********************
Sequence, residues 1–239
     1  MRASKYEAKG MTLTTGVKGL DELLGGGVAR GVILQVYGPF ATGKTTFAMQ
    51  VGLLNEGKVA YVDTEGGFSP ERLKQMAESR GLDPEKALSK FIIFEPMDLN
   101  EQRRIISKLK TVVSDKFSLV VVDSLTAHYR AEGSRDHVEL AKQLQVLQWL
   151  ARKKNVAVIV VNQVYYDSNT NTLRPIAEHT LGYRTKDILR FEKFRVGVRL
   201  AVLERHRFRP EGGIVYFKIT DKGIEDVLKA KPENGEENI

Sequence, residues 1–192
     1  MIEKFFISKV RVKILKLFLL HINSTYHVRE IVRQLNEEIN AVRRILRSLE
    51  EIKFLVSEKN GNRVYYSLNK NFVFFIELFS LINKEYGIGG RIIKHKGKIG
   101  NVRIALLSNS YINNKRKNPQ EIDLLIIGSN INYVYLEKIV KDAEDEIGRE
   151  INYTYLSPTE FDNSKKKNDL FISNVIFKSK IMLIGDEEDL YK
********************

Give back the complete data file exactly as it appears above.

Sequence, residues 1–239
     1  MRASKYEAKG MTLTTGVKGL DELLGGGVAR GVILQVYGPF ATGKTTFAMQ
    51  VGLLNEGKVA YVDTEGGFSP ERLKQMAESR GLDPEKALSK FIIFEPMDLN
   101  EQRRIISKLK TVVSDKFSLV VVDSLTAHYR AEGSRDHVEL AKQLQVLQWL
   151  ARKKNVAVIV VNQVYYDSNT NTLRPIAEHT LGYRTKDILR FEKFRVGVRL
   201  AVLERHRFRP EGGIVYFKIT DKGIEDVLKA KPENGEENI

Sequence, residues 1–192
     1  MIEKFFISKV RVKILKLFLL HINSTYHVRE IVRQLNEEIN AVRRILRSLE
    51  EIKFLVSEKN GNRVYYSLNK NFVFFIELFS LINKEYGIGG RIIKHKGKIG
   101  NVRIALLSNS YINNKRKNPQ EIDLLIIGSN INYVYLEKIV KDAEDEIGRE
   151  INYTYLSPTE FDNSKKKNDL FISNVIFKSK IMLIGDEEDL YK